My Teacher, Guide and Colleague

Prof. Muhammad Ishaq Khan was a historian with deep commitment and focus

A Tribute


Prof. Khan's profile, for its depth and reach, is formidable. He authored several books on various significant themes of Kashmir history. He historical research was fresh and pathbreaking. His articles got published in journals of international repute. He held some vital academic and administrative positions at Kashmir University and taught with great passion for more than three decades.
I had the privilege to work for my Ph. D thesis under his guidance. As a research scholar with limited resources I sought a great inspiration and encouragement from the late professor. I got an opportunity to  visit various literary centers of India included  Royal Asiatic Society Bengal, National Library Bengal, Khuda Baksh Library Patna, Shibli Numani Library Nadwat-ul-uloom Lucknow, Moulana Azad Library AMU, Deoband Seminary, National Archives of India in connection with the collection of data for my research. During my stay at Calcutta I received a letter from late professor wherein he mentioned that he was in need of a book “Ibn Taimiya’s Struggle against Popular Religions” by Muhammad Umar Menon, which was not available in the Valley. To come up to the expectations of my guide I searched for the book and got it Xeroxed from National Library Bengal and on my return I handed over the copy to him. Just for want of a couple of references from the book he was delighted on receiving it. Seen in this perspective whenever fresh arrival of books would seek entry into the Departmental Library, he probably would be the first person amongst his colleagues to borrow relevant books from the new collection in order to keep himself abreast with the latest trends in the area of his specialization. Such a professional commitment indeed infused enthusiasm among his close students and research scholars. What is more interesting to note that he rarely would  keep books  unnecessarily at home and whenever the purpose of the book was served he, without wasting time returned the same to the library for the benefit of research scholars and the students, something not being followed by many of his colleagues at the University. As a mentor, he would always advice me to read quality books of the celebrated and eminent historians with an avowed objective of seeking insights from them.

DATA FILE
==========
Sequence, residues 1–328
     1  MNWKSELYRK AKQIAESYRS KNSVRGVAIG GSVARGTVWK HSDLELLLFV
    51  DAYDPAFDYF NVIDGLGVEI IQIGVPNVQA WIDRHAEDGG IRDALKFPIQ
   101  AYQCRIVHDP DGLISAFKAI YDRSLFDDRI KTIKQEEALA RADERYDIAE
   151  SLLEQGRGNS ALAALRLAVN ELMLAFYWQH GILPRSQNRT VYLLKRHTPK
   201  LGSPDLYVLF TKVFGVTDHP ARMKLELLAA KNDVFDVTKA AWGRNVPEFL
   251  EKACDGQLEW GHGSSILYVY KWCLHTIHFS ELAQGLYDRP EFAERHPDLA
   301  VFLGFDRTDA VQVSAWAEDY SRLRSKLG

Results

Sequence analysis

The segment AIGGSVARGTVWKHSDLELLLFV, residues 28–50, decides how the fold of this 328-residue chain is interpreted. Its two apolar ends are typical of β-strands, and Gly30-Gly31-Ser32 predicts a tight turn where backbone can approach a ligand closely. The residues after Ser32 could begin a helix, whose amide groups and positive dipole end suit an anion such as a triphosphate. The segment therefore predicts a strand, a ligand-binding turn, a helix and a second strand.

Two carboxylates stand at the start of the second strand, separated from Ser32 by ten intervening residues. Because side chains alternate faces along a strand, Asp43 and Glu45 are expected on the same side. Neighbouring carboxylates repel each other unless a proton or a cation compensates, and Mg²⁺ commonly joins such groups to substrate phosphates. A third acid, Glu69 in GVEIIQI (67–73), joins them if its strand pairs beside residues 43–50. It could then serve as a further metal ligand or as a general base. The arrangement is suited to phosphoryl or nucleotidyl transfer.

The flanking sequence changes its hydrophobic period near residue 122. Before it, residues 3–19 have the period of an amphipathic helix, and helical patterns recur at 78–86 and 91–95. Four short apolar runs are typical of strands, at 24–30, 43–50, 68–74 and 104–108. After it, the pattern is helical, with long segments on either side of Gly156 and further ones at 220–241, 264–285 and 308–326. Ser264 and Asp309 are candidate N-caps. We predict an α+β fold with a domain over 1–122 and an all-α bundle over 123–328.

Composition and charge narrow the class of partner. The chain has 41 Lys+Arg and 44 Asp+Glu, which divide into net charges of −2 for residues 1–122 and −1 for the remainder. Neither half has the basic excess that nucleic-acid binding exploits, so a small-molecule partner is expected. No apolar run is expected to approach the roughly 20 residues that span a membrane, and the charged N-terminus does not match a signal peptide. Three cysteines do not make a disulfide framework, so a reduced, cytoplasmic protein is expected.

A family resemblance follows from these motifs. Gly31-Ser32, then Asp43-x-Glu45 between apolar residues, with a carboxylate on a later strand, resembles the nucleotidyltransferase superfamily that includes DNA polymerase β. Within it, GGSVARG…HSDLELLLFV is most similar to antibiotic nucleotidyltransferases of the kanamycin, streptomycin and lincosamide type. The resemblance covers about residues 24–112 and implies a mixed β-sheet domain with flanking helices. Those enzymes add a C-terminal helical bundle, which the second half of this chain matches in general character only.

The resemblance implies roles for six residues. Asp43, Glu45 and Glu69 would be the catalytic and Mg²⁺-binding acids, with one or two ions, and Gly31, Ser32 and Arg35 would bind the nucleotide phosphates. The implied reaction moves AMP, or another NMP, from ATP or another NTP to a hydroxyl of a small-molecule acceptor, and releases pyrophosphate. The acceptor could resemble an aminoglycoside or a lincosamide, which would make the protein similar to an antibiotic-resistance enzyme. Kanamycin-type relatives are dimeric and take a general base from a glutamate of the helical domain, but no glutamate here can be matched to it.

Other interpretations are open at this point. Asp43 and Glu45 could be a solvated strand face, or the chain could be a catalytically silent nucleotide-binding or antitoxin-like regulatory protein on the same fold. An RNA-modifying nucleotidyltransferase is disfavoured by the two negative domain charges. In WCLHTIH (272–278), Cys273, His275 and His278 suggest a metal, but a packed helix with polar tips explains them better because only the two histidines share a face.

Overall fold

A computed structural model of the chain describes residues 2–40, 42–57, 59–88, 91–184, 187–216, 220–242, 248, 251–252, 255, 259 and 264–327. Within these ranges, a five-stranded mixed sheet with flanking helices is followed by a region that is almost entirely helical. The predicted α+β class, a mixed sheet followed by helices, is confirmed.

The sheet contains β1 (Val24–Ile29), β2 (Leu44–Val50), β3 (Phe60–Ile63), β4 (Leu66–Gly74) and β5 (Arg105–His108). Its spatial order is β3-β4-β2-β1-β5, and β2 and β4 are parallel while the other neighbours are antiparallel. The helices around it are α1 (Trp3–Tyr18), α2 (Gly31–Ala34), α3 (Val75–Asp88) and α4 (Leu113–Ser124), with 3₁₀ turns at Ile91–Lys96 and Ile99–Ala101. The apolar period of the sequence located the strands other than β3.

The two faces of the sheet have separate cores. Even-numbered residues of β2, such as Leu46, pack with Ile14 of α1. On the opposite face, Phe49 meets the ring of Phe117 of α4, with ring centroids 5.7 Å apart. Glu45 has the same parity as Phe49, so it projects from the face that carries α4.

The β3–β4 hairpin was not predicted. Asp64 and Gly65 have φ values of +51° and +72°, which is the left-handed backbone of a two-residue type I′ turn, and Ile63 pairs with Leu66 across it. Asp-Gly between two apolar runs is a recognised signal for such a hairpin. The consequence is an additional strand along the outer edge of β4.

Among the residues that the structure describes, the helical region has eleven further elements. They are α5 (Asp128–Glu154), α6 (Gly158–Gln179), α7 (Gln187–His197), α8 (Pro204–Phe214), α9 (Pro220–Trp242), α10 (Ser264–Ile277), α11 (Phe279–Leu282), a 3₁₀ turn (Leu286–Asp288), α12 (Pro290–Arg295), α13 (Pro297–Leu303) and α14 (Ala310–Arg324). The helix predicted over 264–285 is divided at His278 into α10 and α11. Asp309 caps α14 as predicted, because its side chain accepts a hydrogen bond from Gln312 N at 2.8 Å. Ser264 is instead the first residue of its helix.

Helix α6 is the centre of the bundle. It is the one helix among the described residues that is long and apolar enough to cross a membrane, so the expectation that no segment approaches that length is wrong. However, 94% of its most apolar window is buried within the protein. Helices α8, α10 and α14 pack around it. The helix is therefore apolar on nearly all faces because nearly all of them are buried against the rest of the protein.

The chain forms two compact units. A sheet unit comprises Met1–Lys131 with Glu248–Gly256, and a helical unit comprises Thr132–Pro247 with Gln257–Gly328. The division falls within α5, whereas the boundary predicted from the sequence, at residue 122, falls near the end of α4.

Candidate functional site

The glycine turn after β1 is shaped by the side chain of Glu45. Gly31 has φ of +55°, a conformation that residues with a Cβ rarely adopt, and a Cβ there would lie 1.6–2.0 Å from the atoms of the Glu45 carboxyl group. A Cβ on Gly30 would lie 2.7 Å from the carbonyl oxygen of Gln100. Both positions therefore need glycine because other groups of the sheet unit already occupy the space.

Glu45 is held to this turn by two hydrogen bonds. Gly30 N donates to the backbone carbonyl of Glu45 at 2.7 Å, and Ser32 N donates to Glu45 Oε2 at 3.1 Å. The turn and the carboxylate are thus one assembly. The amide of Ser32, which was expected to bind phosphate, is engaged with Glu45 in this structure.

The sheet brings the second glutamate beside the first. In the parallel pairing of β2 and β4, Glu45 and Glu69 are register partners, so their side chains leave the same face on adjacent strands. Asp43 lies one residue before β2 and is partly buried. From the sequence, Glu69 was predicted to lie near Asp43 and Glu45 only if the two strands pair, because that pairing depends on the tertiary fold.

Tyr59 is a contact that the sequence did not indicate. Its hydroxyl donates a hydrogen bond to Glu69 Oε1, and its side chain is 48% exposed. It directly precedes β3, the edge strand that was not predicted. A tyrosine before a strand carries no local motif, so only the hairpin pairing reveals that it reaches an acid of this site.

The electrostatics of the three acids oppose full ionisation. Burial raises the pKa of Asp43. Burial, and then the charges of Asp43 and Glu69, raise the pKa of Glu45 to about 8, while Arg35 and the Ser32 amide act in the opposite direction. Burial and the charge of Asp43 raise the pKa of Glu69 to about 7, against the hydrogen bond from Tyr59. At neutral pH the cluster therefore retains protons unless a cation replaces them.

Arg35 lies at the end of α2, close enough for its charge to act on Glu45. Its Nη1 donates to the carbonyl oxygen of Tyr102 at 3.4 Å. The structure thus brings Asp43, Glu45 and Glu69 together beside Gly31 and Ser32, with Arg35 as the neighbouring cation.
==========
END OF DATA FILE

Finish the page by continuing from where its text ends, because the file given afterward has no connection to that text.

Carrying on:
Himself well –versed in source material, the late professor did not compromise on quality research. I vividly remember that I made a reference from “Itihaf-ul-Nubla” of Nawab Sidiq Hasan Khan ( one of the protagonists of Ahl-i-Hadith reformist/revivalist thought in India) which late professor did not agree with until he himself was satisfied after confirming  the reference from the same book. This was his approach of dealing with the manuscripts of  research scholars. However, every page he corrected or suggested for recast/revision gave a distinction to it by his wide vocabulary and scholarly methodology. As a guide, he was not interested in mere narration of facts but always emphasized on interpretation which to him was the main criteria to earn name as a historian. This is the reason that his analytical, critical and interpretative approach prominently reflected in his works of lasting value in particular “History of Srinagar, 1846-1947”: A study in socio-cultural  change; “Perspectives on Kashmir”: Historical Dimensions. "Kashmir's Transition to Islam" The Role of Muslim Rishis. This is also the reason that every work of the late professor has been taken seriously by academia, scholars and intellectuals and is read with avidity. His works are copiously referred and quoted not only by scholars within but also without mainly in view of their critical recognition and interpretation in addition to the utilization of the primary sources. Thus he was the professional historian in the real sense.
Guiding scholars had been his chosen mission. In view of his professional commitment, sincerity for a cause and dedication towards research, he had been a role model for his students, research scholars and colleagues like me. Whenever I got an opportunity to visit his residence I had always found him busy in reading, writing and remembering Almighty Allah. He would always try to inculcate the same spirit of work culture amongst his scholars from various ideological backgrounds and advised them to make serious efforts in reconstructing the past in a scholarly fashion, sticking to certain definite rules of establishing facts, interpreting evidence the way historians of repute do, dealing source material with care and in a most professional manner.
 I am pained at his sudden demise and with all honor I offer my sincere tributes to late professor for his outstanding contribution towards the discipline of social sciences. May his soul rest in peace.
(Prof Bashir Ahmad Khan teaches at the Department of History, University of Kashmir)

Lastupdate on : Sat, 13 Apr 2013 21:30:00 Makkah time
Lastupdate on : Sat, 13 Apr 2013 18:30:00 GMT
Lastupdate on : Sun, 14 Apr 2013 00:00:00 IST

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